Tools to combat cancer
No woman should die of cervical cancer. But many do. Women should talk to their physicians about this disease, which claims the lives of more than 4,000 women each year. Some 93 percent of all cervical cancers could be prevented by screening and vaccination for human papillomavirus (HPV). Screenings work. However, in a 2012 survey, eight million women in the United States (10 percent of women ages 21-65) said they had not been screened for cervical cancer in the previous five years. The HPV vaccination helps prevent infection with the types of HPV that result in most cervical cancers. While the Papanicolaou (Pap) test screens for abnormal cells that may become cancerous, the HPV test screens for the HPV virus that causes the changes to the cells. The U.S. Centers for Disease Control and Prevention recommends strongly that preteen and teenage girls get vaccinated against HPV. Many people do not realize that boys can get HPV. The CDC also recommends that boys ages 11-12 be vaccinated. Receiving all doses as recommended before they are exposed to HPV will give them the best protection. Meanwhile, if they have not already been vaccinated, also should do so. (2) In both men and women, papillomavirus can show up in venereal warts which can become cancerous. Papillomavirus can be a sexually transmitted infection and can be caught at any age. Papillomavirus has also been noted as the inciting cause in some anal rectal cancers. HPV is also seen in some penile cancers, head and neck cancers, and oral cancers. (1)
Most infections not pre-cancers
HPV infections can occur in childhood but can lead to cervical cancer in the same person as an adult. While most HPV infections do not turn into pre-cancers, and pre-cancers may still revert to normal, others do result in cervical cancer. More than five American women in 100,000 (0.005%) died of cervical cancer in 1975. The number decreased until 2007, when it flat-lined at slightly fewer than two deaths in 100,000 (0.002%). The CDC believes more reductions can be achieved. But while so many women have not been screened, lack of access is not a factor. That’s because seven out of 10 women who were not screened from 2007-2012 had a regular doctor and health insurance. Doctors, nurses and health systems can improve the numbers. According to the November 2014 edition of CDC Vitalsigns, healthcare workers can help women understand when they should get screened and what screening tests are best for them as individuals. They can screen or refer all women for screenings during regular office visits. They can make sure patients get screen results and plan proper follow-up care quickly, when needed. They should use reminder and recall systems to help physicians, nurses and patients remember when screenings and HPV vaccinations are upcoming. (2)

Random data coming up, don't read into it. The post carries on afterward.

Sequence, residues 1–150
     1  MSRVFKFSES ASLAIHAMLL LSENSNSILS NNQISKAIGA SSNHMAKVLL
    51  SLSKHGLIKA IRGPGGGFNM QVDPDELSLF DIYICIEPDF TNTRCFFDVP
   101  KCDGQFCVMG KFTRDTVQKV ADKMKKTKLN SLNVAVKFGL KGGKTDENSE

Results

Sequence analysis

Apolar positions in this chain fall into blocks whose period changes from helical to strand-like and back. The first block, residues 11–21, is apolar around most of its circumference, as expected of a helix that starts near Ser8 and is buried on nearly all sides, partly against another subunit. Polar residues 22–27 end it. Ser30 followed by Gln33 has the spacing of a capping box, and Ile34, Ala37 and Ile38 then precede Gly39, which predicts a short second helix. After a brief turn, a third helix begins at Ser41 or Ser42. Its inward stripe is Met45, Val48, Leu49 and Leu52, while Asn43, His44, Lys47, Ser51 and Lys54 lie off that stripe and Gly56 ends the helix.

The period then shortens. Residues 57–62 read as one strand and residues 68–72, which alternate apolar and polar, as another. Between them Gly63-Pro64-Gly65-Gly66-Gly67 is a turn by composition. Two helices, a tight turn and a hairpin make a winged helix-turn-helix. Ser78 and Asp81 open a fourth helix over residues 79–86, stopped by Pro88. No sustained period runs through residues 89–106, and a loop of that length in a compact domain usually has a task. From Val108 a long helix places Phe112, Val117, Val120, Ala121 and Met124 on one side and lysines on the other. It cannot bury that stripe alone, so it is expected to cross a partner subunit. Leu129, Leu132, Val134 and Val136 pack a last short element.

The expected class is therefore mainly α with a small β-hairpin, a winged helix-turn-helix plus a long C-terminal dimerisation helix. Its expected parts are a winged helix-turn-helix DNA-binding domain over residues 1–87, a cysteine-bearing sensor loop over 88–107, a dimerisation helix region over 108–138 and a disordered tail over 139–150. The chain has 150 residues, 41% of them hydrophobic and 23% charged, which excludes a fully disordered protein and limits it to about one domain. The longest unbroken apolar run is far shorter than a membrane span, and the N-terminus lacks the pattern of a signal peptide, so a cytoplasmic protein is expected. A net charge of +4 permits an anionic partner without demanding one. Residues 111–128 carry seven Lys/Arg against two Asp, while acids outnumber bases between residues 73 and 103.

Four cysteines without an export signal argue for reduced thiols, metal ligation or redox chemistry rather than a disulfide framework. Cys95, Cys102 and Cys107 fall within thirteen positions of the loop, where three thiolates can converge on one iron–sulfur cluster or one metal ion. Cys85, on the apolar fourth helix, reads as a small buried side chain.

Consult your physician
The CDC says women ages 21-29 should have Pap tests every three years. During an exam, doctors or nurses collect cells for the test, which can find abnormal cells that – if left untreated – may develop into cancer. Women ages 30-65 should consult their physicians and choose from two options. They either should have Pap tests every three years or have a Pap test plus an HPV test every five years. The HPV test can find the HPV virus by testing cells collected at the same time as the Pap test. Meanwhile, through the Affordable Care Act, the federal government ensures that most health insurance plans cover cervical cancer screenings and HPV vaccinations (for both males and females) at no additional patient cost. The federal government also increases access to immunizations through the Vaccines for Children (VFC) program and funds programs that increase cervical cancer screening rates. (3) For example, more than 4.3 million women who have limited access to health care received breast and cervical cancer screening and diagnostic services in the first 20 years of the CDC’s National Breast and Cervical Cancer Early Detection Program. More than 56,000 breast cancers, 3,000 cervical cancers and 152,000 precancerous cervical lesions were detected from 1991 to 2011. In more than 90 percent of these cases, the women received appropriate and timely follow-up care, the CDC said. (3)
More recommendations from the CDC
– Being tested more frequently than recommended does not ensure more protection.
– One’s health history may play a factor in her screening schedule.
– Women over age 65 should consult their physician as to whether they need to continue screening. All women should make sure they understand their screening results after talking to their physician or nurse.
– Even after being vaccinated, women should begin screenings for cervical cancer at age 21. (2)
1. Human Papillomavirus Causes of Cancer – http://www.cdc.gov/hpv/cancer.html
2. CDC Vitalsigns. Cervical cancer is preventable. – http://www.cdc.gov/vitalsigns/pdf/2014-11-vitalsigns.pdf
3. Millions of underserved women in the US have benefited from CDC’s breast and cervical screening program – http://www.cdc.gov /media/releases/2014/p0806-cancer-screening.html